House GOPer Introduces Bill Designed to Help Prosecute WikiLeaks Under Espionage Act

Republican Rep. Peter King of New York has introduced a piece of legislation that would help prosecute Julian Assange's whistle-blowing website WikiLeaks under the shady Espionage Act. Specifically, the SHIELD Act would amend the Espionage Act -- the 1917 law that's considered by many to be unconstitutional -- to cover the publication of classified documents.

Here's what Rep. King, the chairman of the Committee on Homeland Security, had to say in introducing the legislation, via Raw Story:

"Julian Assange and his associates who have operated and supported WikiLeaks not only damaged US national security with their releases of classified documents, but also placed at risk countless lives, including those of our Nation’s intelligence sources around the world," Rep. King, the chairman of the Committee on Homeland Security, said in a statement. "As international pressure has held back Assange, we now find that his colleagues are planning to spin off a new website called OpenLeaks, dedicated to the same dangerous conduct."....

"These organizations are a clear and present danger to the national security of the United States," Rep. King continued. "Julian Assange and his compatriots are enemies of the US and should be prosecuted under the Espionage Act. This legislation provides the Attorney General with additional authority to do just that."

The U.S. government is really reaching to try and find a way to prosecute Assange and his site -- by detaining and torturing Bradley Manning and engaging in this ongoing (and absurd) flirtation with the Espionage Act, which no one publisher has ever been convicted under. (And which, by the way, the New York Timestechnically violated, per the Feds' standards, although the paper has received relatively little heat compared to Assange.)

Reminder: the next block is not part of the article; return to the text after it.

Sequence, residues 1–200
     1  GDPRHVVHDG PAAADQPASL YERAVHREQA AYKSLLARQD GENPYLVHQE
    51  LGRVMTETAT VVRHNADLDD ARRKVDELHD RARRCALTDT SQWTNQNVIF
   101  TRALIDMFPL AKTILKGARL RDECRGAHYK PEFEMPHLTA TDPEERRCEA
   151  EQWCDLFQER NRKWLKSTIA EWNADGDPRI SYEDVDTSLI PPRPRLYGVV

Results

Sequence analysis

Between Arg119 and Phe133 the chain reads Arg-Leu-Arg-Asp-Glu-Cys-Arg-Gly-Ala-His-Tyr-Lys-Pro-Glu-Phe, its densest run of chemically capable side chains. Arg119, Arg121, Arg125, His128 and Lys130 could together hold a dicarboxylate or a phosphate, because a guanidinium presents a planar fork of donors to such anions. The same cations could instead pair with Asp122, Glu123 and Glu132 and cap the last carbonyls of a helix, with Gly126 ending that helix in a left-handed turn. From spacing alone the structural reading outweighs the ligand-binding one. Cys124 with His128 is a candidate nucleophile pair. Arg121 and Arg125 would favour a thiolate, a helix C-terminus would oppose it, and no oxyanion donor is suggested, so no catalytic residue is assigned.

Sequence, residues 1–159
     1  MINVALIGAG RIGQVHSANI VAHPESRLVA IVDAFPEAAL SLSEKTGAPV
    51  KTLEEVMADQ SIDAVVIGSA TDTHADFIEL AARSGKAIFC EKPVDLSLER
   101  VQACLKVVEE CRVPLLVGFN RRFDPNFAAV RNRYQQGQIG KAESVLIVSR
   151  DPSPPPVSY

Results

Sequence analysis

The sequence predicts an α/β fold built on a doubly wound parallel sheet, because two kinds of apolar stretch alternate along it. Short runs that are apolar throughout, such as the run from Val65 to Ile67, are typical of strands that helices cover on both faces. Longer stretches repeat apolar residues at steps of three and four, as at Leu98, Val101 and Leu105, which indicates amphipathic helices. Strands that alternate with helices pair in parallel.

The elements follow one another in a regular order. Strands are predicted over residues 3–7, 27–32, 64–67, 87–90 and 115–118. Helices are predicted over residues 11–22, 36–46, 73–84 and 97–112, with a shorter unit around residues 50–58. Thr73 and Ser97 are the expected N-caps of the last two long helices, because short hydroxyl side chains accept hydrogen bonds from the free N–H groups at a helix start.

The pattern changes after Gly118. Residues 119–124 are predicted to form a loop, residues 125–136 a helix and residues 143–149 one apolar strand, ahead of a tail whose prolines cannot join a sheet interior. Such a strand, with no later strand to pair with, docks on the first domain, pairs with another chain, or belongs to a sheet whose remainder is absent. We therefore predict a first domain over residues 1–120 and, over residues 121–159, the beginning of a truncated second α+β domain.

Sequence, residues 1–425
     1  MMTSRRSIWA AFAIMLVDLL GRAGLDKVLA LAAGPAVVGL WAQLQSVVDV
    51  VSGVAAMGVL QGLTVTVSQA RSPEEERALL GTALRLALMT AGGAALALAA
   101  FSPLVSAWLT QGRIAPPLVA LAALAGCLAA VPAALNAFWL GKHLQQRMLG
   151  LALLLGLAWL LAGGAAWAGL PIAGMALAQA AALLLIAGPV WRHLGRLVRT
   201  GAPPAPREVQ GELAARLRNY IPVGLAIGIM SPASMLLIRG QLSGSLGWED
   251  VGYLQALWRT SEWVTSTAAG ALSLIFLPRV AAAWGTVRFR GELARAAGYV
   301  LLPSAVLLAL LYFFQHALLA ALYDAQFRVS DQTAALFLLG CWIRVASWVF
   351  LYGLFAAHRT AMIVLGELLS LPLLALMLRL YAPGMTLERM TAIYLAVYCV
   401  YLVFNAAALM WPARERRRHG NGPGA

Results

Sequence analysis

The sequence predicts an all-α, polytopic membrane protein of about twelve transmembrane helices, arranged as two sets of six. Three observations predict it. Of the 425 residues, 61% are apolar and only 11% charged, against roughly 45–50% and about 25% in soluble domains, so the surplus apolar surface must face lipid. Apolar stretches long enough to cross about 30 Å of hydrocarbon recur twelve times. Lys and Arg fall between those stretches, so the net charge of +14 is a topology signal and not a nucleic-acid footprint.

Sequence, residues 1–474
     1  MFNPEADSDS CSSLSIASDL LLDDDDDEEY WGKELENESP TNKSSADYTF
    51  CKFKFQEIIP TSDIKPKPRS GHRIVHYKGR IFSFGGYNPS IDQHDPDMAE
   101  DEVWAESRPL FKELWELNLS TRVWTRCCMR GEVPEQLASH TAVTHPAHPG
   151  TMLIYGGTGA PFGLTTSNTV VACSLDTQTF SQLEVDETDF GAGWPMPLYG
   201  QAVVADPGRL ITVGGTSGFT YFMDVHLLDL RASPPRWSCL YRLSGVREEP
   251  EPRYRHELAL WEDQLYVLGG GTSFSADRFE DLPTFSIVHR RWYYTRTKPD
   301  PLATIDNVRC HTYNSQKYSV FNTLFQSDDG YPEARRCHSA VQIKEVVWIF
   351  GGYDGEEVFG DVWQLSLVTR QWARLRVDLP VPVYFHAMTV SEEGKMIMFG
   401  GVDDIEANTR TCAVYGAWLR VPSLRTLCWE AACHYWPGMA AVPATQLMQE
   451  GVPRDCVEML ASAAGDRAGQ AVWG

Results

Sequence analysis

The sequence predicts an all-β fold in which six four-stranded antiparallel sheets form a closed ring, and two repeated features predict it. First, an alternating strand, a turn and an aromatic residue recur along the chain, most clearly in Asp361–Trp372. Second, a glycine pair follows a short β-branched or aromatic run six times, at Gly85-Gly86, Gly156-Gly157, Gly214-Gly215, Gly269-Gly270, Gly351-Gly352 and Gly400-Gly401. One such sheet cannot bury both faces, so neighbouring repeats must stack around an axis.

The American Prospect's Adam Serwer discusses why this new bill, and the Espionage Act in general, are both so problematic.

If WikiLeaks is prosecuted under the Espionage Act as it currently exists, then no journalistic institution or entity is safe. The idea that anytime that a journalist obtains a document that has "information related to the national defense" that could be used "to the injury of the United States" they could be subject to prosecution would destroy national-security journalism as it currently exists. Also frightening is the reality that government officials looking to skew public debates one way or another regularly leak information to the press, so the government would really only be prosecuting people for publishing leaked information they didn't want leaked.

I think there's this idea that because the New York Times and the Washington Post are treasured journalistic institutions the government wouldn't dare engage in the kind of coercion it has leveled so effectively against Assange, and that even if he were prosecuted under an archaic unconstitutional law like the Espionage Act, he's a scary foreigner and there's no way that Americans would be treated the same way....

It's a double-standard of epic proportions, no doubt. And it makes the U.S. government look incredibly sad and desperate.

AlterNet / By Lauren Kelley

Posted at February 16, 2011, 4:43am